This fundamental error enables Pickering to make the following key statement of his position. It's a fascinating one:

in the history of cybernetics ... curiosity about the performative self has been entangled with all sorts of technologies of the self (including flickering strobe lights and hallucinogens, as well as meditation), and with associated altered states, explorations of consciousness, strange performances, magic, the siddhis, the decentered dissolution of the self, tantric yoga and union with the divine. The self, as revealed here, turns out to be inexhaustibly emergent, just like the world—the antithesis of the given human essence of the Enlightenment and cybernetic immortality. And again, for me, this shows the extent of the freezing and narrowing of the human that transhumanism entails—the severity of its editing of what the human might be. Of course, all of the practices and states that I talk about in my paper are already marginalized in contemporary society—it feels vaguely embarrassing to talk about them in public. But at least the margins exist, and one can go there if one likes. The transhumanists would like to engineer them out of existence entirely and forever. Yes, I’m starting not to like transhumanism.

In other words, Pickering dislikes transhumanism - or, rather, "transhumanism" - because he thinks it leaves no room for such things as the experiences of meditative states, hallucinogenic drugs, and tantric yoga. But there is no reason for the real transhumanist movement to be hostile to whatever merits these things actually have.

Later in the article, Pickering discusses Olaf Stapledon's Last and First Men, which he describes as a vision of the future that offers "open-ended experimentation, emergence and transformation with no fixed end". Then he adds:

I would like to know how it came to be that in the 20s and 30s people were able to imagine radical transformations of the human form, when no evident technological possibilities were at hand. And ... I am struck by the impoverishment of our imagination that has since come to pass. Now we have biotechnology, now we really could dream of equipping ourselves with wings or new senses, but we don’t. Instead of experimentation with the endless possibilities of humanity, we dream transhumanist dreams of purification and the excision of what already exists, of downloading consciousness. Something profoundly sad has happened to our imagination. That, in the end, is what transhumanism brings home to me.

The ignorance of this is breathtaking!

I can only wonder at how an article like this, by someone who clearly does not know what he's talking about, could ever have been published. It is possible to discuss transhumanism in opposition to visions of biologically-transformed bodies "with wings or new senses" only if you define transhumanism in Pickering's bizarre and arbitrary way and only if you are totally ignorant of the fact that real transhumanists - rather than "transhumanists" - do, indeed, imagine transformed bodily morphology, new senses and so on, and are open to experimentation and endless possibilities in just the way that Pickering describes.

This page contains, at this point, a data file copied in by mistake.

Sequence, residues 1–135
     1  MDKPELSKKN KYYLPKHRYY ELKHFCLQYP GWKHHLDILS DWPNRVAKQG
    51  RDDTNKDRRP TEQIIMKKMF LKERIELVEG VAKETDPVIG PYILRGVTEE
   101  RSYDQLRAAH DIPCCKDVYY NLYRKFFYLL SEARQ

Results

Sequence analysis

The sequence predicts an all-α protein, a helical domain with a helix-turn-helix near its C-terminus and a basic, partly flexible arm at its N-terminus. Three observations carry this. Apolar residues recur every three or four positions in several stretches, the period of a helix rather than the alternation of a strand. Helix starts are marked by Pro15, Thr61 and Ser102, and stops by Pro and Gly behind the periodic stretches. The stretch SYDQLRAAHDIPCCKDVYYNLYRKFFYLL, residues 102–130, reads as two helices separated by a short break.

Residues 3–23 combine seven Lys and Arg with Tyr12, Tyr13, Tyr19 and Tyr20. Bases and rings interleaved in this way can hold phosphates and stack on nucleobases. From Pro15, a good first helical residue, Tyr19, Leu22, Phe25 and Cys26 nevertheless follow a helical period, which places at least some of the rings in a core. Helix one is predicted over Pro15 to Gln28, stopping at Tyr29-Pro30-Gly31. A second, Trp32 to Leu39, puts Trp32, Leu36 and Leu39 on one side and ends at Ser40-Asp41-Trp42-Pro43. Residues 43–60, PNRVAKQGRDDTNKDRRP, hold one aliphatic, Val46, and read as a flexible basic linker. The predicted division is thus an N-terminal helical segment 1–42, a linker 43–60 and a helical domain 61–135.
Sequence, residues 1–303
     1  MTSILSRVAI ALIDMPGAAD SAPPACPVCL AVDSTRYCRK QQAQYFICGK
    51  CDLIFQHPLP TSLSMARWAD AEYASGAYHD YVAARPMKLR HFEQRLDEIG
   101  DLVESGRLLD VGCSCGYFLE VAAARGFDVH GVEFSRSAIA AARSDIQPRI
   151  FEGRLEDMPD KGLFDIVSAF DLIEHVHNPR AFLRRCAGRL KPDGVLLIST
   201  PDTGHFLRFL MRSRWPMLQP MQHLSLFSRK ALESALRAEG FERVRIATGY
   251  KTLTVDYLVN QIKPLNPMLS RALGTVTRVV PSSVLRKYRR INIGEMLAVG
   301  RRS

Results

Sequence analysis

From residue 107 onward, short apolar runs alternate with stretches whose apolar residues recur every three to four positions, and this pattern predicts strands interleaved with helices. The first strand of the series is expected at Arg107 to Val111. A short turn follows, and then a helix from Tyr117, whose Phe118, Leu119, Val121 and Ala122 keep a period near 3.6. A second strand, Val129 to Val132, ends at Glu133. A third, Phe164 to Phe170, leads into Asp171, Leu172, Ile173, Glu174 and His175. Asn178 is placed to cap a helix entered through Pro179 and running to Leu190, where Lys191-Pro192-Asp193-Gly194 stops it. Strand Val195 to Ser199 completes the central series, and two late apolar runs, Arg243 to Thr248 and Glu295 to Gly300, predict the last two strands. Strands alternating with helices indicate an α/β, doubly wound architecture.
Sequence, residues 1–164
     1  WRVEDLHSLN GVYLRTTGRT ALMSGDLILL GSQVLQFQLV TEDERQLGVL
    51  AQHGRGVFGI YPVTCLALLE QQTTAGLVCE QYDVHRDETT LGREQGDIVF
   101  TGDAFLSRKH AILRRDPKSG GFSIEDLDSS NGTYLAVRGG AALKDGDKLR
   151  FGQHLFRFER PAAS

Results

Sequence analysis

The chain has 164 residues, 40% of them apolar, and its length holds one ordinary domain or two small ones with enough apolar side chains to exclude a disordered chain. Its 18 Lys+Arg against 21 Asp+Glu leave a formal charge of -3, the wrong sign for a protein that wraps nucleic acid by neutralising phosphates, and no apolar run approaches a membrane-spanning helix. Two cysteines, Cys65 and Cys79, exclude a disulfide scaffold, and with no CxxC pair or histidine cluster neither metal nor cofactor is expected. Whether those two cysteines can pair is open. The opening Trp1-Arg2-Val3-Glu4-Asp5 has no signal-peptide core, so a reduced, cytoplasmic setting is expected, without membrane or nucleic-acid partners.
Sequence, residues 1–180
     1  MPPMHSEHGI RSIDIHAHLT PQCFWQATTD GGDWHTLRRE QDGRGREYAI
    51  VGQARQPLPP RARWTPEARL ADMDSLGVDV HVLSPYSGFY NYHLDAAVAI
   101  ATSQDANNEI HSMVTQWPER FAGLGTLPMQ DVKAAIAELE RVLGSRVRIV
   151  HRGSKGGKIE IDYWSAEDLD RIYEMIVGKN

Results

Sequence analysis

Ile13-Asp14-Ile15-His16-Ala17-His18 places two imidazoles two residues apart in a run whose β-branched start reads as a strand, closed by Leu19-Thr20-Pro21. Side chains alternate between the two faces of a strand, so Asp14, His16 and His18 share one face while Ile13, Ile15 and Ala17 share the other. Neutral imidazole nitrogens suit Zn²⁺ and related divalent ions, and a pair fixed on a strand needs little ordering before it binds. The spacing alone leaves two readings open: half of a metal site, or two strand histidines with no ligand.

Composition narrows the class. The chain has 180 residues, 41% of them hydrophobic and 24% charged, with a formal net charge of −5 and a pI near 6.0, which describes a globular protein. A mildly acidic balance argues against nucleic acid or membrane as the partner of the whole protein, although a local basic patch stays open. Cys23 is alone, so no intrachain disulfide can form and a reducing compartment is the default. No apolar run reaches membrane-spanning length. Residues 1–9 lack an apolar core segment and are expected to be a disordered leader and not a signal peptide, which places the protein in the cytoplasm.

Given Pickering's openness to the radical use of biotechnology to alter human powers, he should actually be an ally of transhumanists in the real struggle that has emerged in the early years of the twenty-first century: i.e. the struggle against modern-day Luddites who are adamantly opposed to such possibilities as the transformed bodies with wings, new senses, etc., and who are often opposed even to medical research on human embryos. By all means let us imagine these wild biotech possibilities (while also being realistic about what actually will be possible). But when we wonder at the strange people who may come after us - people with wings or gills, or the radar sense of a bat, or more likely just with longer and healthier lives than our own - let's not imagine that in doing so we are somehow being opposed by, of all things, the transhumanist movement.


Blake Stacey said...

Bats use sonar, not radar.

That said, I'd like to have either a sonar or a radar sense; maybe my wings could double as radio antennas.

Roko said...

RB: "The idea is to emulate on some other substrate than the original human brain and body, not just the rational mind but the entire personality"

- as a self-identifying transhumanist, I'd agree with this.

Russell Blackford said...

Yeah, Blake, I usually do write "sonar" which is accurate. Got me! Though maybe someone will have an implant that really does give her a "batlike" (as in analogous to bats' sonar) radar sense. That might be cool to have, along with the antenna wings that you mention.

Blake Stacey said...

"Quick, to the Bat-Radar!" (-: